Nilgiri Tahr

Nilgiri Tahr
Nature Beckons you....Listen to her whispers.....

Sunday, July 22, 2012

Eravikulam National Park,The Backyard of Nilgiri Tahrs

Freinds for Ever......Male Nilgiri Tahrs

As we got down from the Kerala Forest Department mini bus at Eravikulam NP,the cool breeze engulfed the lungs and it gave us a feeling of freshness and new energy.It being a Friday the tourist inflow into the park was on a manageable level.Many uninitiated tourists who visit Eravikulam NP,out of compulsion rather than desire,exclaims "Ayye Aadu"(Oh its just a goat!) on getting the first glimpse of the inhabitants of the park.

The Nilgiri Tahrs inhabit an area ranging from 800m to 2700 m above sea level.The highest peak south of Himalayas,Anaimudi,is situated insdie the park.So its obvious that the Tahrs cannot climb more than that!During the turn of the 20th Century,the area surrounding the Eravikulam NP was used as a game reseve.The "Muduvans",the tribes,were the original inhabitants of the area.Then later in 1971,the Nilgiri Tahrs were included in the endangerd list and in 1978 Eravikulam was declared as a Nationanl Park.

Dotting the skyline of Eravikulam NP are Tahrs

Eravikulam National Park is the only reserved forest area for the only mountain goats of South India.About 800-900 tahrs live here.The park is typical Western Ghats region with pristine grasslands interspersed with shola forests.


During the process of writing this blog came the happy news,that UNESCO has decalred the Westeern Ghats as one of the "hottest hotspots" of the world.In other words they have included Western Ghats in the "Heritage List".Thats something,every Indian shoud rejoice.

Coming back to the Tahrs,the only mountain goats of South India,were numbering in the thousands by the turn of the 20th century.But their numbers dwindled drastically because of hunting and on habitat loss.Good sense prevailed and the Eravikulam National Park came into being in 1978.To be fair on our part,it should be accept that the conservation effforts have paid dividents.

Close up view of an eye of a male Tahr

The Nilgiri Tahrs(Nilgiritragus Hylocrius,formerly Hermitragus Hylocrius) belongs to the family, Bovidae.It was first named by Ogilvy in 1838.The Tamil name is 'Varaiyadu"(varai=precipice or cliff,aadu=goat) and the same name in Malayalam.A simple English traslation of Varaiyadu is "Cliff goat".Thats an apt name for them,as they spend most of their time loitering atop prcarious mountain cliffs of EravikulamNP.

Licking and glancing...female Tahr

The grasslands of Eravikulam are known as "Climax Grasslands" because they have reached their ultimate splendour.The Neelakurinji(Strobilanthus Kunthiana) is a rare flower which blooms only once in 12 years.The last time we saw them was in 2006.So the next season arrives only by 2018!

Coming back to our visit,after getting down from the mini forest department vehicle we started climbing the 2-3 hair-pin bends to reach the other end of the park.On the way we saw the first Nilgiri Tahr,a young one,with its mother sitting and relaxing.The view was thru a Neelakrinji plant and it was refreshing.I could take quite a few pictures using my Canon DSLR,and I used a tripod for sharper pictures.

Unbreakable freindship......

One forest guard(they are present thru out the park to check on the visitors)told me to go further up the road as more Tahrs are munching on the grass there.As soon as he said that,the little Tahr and its mother along with another Tahr started to walk towards the point where the other Tahrs are supposed to be grazing.Even these Tahrs wants us to meet the other members of their clan,or so it seemed.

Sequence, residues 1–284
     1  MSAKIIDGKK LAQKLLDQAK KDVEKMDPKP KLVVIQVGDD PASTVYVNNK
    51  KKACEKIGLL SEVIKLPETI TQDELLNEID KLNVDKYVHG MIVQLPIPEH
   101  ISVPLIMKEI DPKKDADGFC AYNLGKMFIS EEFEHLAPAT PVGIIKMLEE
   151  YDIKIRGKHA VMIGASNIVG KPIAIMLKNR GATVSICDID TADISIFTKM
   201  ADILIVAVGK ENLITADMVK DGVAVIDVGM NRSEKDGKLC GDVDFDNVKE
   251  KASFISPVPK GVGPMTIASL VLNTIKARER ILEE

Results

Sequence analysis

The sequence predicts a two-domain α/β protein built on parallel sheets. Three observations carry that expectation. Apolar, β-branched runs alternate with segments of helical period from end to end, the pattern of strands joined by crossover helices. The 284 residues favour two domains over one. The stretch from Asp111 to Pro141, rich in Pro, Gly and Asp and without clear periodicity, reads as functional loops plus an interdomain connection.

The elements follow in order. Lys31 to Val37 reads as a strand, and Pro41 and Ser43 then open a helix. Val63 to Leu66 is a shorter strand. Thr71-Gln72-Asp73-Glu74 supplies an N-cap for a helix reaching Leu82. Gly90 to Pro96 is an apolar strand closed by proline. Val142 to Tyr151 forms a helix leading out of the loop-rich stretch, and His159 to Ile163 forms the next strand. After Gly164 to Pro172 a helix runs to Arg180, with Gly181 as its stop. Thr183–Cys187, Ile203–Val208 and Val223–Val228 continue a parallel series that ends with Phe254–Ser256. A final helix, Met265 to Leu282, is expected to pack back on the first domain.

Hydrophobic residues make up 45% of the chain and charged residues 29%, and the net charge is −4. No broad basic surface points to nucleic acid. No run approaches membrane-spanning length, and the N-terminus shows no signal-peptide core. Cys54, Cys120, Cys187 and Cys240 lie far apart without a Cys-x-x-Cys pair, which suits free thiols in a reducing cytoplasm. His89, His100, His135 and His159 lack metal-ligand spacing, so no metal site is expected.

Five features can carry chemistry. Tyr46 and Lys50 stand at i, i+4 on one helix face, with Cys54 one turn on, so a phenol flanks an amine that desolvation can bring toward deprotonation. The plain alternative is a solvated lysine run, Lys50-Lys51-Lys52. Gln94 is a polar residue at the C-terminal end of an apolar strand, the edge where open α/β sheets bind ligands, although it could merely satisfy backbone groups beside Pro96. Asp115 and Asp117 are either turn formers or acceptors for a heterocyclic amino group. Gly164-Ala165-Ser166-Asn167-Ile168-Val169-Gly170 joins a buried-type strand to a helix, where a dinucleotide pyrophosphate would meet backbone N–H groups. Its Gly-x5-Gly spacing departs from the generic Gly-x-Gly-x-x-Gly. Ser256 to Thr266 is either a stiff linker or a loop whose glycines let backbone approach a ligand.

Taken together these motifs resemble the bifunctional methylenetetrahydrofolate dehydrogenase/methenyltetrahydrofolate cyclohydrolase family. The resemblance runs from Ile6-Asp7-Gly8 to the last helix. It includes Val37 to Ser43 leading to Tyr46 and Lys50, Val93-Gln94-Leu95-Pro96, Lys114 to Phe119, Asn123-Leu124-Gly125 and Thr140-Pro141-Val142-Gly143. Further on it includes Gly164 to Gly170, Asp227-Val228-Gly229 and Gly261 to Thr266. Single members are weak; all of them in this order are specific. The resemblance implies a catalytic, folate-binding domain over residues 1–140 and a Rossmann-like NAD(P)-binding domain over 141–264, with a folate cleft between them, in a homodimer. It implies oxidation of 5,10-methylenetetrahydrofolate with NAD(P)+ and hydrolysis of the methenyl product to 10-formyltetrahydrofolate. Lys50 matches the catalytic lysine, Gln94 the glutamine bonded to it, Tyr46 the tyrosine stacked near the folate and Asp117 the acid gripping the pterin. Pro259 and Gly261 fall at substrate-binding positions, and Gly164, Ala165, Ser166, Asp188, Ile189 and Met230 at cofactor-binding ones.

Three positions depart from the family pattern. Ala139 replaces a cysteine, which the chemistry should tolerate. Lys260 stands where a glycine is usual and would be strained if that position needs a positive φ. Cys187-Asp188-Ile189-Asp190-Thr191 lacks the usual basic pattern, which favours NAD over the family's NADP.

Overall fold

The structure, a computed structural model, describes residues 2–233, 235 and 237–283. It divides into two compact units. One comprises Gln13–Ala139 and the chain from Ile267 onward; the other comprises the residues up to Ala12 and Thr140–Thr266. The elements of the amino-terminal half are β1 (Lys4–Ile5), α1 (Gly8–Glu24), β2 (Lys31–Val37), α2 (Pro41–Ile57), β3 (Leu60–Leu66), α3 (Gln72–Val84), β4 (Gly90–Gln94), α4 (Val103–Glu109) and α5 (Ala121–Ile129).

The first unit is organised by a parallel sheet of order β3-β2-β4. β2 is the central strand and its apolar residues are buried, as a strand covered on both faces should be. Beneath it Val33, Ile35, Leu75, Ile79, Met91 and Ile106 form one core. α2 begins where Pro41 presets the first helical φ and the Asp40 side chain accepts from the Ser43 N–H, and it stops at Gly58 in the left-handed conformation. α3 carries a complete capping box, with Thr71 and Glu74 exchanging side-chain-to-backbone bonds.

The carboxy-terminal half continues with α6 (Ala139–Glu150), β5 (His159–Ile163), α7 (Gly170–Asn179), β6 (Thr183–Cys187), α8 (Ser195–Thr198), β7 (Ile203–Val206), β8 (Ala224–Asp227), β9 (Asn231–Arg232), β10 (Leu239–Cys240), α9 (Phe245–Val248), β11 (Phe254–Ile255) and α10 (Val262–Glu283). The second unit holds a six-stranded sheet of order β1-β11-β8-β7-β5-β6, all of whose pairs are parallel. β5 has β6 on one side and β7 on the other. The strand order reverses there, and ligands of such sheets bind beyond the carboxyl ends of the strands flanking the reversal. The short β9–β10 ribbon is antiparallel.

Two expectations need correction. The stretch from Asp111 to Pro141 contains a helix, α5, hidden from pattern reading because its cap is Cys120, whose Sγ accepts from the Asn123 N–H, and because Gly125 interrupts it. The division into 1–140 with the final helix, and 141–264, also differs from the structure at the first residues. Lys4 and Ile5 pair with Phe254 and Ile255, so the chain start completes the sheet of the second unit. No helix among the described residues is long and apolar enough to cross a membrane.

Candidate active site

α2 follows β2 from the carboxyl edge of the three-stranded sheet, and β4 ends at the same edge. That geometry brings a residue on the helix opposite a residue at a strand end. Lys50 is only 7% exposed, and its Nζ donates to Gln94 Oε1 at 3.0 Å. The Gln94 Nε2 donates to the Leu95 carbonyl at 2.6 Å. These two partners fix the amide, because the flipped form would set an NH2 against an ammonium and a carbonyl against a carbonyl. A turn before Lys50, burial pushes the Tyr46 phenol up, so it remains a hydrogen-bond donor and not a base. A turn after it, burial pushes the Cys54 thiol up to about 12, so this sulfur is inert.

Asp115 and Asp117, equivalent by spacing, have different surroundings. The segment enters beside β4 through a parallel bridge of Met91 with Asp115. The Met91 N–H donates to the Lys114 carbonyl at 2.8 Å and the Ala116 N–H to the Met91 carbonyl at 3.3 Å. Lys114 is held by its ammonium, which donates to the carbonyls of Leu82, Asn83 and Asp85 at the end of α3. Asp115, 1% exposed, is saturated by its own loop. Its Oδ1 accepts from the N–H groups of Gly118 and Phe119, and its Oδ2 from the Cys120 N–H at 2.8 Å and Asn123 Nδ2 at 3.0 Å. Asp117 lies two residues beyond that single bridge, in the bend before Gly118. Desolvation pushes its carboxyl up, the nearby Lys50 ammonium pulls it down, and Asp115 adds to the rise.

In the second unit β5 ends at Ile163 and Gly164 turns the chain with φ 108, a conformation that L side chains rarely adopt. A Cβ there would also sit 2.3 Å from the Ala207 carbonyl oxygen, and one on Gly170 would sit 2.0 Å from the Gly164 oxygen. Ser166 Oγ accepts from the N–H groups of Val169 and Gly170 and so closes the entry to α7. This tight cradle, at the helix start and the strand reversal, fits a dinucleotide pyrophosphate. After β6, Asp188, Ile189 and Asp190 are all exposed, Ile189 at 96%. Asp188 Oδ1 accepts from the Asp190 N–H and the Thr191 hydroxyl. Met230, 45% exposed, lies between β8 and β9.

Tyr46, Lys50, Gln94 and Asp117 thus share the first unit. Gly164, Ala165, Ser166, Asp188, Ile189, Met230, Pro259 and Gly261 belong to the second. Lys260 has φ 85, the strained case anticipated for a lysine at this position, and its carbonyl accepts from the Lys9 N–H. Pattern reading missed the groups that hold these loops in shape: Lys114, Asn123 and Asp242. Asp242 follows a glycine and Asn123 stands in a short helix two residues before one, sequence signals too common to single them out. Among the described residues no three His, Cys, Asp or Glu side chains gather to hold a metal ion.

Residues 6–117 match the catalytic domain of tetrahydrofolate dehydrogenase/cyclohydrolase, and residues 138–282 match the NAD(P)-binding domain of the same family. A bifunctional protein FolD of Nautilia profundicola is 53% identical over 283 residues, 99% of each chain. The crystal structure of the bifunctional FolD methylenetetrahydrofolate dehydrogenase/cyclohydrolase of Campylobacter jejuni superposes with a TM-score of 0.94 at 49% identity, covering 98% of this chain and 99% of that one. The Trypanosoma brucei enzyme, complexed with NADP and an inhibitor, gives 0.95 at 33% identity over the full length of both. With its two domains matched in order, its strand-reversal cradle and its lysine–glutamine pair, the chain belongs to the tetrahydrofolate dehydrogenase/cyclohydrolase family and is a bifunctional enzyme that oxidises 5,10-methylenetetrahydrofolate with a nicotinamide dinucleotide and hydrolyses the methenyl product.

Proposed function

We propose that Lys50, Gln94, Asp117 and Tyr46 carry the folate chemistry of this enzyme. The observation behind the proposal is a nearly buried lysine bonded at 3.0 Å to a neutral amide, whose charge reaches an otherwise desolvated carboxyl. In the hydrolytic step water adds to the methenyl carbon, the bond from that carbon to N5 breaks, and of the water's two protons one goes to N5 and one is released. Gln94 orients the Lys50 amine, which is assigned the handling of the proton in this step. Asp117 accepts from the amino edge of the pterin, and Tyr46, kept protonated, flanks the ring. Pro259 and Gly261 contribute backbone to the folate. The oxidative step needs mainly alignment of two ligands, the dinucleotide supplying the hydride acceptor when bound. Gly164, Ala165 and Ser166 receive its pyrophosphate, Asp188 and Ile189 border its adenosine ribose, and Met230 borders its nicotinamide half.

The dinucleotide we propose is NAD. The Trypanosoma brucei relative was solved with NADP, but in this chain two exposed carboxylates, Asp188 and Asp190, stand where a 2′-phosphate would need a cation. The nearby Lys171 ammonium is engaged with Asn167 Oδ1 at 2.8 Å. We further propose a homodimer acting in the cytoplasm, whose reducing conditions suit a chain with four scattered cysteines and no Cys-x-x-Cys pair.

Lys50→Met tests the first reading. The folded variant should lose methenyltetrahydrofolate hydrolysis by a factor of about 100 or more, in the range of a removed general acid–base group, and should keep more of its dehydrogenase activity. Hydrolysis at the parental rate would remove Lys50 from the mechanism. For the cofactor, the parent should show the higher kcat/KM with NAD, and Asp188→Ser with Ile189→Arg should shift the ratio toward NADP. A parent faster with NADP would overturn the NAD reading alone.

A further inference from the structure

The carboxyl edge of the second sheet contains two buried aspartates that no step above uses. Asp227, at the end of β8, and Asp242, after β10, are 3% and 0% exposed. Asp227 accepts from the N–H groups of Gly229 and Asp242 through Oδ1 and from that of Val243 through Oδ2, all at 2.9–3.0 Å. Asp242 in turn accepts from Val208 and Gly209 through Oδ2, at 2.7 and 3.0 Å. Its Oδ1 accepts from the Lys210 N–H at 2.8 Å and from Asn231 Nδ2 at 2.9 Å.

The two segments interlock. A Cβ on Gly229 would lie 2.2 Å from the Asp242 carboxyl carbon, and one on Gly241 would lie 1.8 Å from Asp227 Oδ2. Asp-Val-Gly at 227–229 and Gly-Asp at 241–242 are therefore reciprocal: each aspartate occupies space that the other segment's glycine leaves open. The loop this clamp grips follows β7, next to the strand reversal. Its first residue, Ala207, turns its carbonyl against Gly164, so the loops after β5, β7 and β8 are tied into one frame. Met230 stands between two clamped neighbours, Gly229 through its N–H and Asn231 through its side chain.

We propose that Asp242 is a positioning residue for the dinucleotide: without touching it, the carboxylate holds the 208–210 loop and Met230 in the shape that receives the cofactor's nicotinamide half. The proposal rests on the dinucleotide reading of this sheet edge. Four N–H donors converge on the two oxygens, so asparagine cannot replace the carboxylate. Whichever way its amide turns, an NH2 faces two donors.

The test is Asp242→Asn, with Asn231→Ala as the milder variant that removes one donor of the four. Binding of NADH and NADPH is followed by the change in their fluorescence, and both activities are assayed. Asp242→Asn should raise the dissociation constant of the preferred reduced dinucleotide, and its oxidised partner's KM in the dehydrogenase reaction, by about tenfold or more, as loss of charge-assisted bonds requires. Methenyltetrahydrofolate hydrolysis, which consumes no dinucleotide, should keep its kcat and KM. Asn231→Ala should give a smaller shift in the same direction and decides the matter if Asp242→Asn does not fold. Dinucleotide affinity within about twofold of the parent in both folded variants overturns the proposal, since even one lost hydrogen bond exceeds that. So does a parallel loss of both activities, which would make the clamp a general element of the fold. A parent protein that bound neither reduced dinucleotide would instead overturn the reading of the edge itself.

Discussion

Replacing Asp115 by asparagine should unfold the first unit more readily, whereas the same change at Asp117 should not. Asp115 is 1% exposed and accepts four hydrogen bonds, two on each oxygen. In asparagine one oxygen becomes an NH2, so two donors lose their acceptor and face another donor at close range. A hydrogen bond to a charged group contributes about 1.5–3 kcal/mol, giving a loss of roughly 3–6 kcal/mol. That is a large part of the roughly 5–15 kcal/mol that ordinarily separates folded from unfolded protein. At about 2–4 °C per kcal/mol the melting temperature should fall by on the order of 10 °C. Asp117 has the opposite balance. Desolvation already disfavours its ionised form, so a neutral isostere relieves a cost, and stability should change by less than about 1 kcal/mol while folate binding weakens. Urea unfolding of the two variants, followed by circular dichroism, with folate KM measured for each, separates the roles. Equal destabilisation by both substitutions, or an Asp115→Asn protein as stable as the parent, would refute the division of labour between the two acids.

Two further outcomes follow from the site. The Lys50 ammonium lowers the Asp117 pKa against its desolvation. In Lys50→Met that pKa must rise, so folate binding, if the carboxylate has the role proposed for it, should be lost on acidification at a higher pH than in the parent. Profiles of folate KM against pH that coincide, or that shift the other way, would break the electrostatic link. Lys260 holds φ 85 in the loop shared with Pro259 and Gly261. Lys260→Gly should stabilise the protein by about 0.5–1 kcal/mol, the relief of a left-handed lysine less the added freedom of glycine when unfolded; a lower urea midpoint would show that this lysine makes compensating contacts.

Always hungry.....
As soon as we reached the higher point, our excitement over flowed.For the first time in my life I saw two male Nilgiri Tahrs grazing side by side as if they were thick friends!The male Nilgiri Tahrs are very less in number and spotting them at Eravikulam is very difficult.Even if on gets to see the female Tahrs and the young ones,the male gives the slip most of the time.But now we have two of them together.That was a wonderful moment.Our trip,this time to the park,I can say with admiration,has been fulfilling.

Calm and confident.......
The male tahrs grazed on despite our close presence(We never disturbed them).They would munch enough grass from one side of the road and then thud across to the other side for more.I didn't miss the opportunity to click as many pics as possible of the two males.At one point both of them walked out of sight from the far end of the park(beyond that you are not allowed to go)much to the disappointmet of us.But,after a few moments they came marching back, just to the side of us!It was amazing to watch them criss crossing the Eravikulam NP.

Up Close with this Guy.......

We spend about 3 hours watching the Tahrs and photographing them.I was carring 2 memory cards which can store 8mb of images.I took around 580 photos of the tahrs!Still I wasn't happy.I wanted more.But no more memorycards!I decided at that time,the first thing I must do once we are back home.I think you have guessed it correct!

Looking for mates?

It was time to have some tea and some snacks at the restaurant at the entrance of the Eravikulam NP.After that it was time to board the forest vehicle to reach the Munnar-Udumalaipettai raod to get into our car and drive back to the hotel.

Stare of a Nilgiri Tahr

Cliff dwellers.....Nilgiri Tahrs

This trip to Munnar have been very satisfying.The sight of two male Nilgiri Tahrs was unforgettable.Most of us may not accept that to be a great achievement.But for me and my family that was a good experience.We are not sure if that would happen again.............

For a short film of the trip,please click on the following link.......

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